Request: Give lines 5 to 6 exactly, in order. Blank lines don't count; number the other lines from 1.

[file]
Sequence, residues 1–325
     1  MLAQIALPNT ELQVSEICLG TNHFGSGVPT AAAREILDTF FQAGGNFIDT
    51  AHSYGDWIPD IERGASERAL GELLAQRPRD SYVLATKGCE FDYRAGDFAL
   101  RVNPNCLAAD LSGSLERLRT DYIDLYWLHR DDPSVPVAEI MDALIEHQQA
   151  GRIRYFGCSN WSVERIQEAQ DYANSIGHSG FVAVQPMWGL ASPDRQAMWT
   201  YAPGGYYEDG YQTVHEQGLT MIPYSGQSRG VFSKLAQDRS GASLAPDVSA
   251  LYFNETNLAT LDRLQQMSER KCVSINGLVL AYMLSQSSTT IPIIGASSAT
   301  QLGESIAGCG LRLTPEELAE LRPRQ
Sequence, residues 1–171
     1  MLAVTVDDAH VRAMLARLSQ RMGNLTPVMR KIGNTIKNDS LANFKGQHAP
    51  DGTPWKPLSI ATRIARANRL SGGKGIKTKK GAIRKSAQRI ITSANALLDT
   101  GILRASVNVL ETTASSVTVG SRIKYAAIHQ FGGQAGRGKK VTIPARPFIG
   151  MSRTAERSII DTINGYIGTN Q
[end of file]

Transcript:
   151  GRIRYFGCSN WSVERIQEAQ DYANSIGHSG FVAVQPMWGL ASPDRQAMWT
   201  YAPGGYYEDG YQTVHEQGLT MIPYSGQSRG VFSKLAQDRS GASLAPDVSA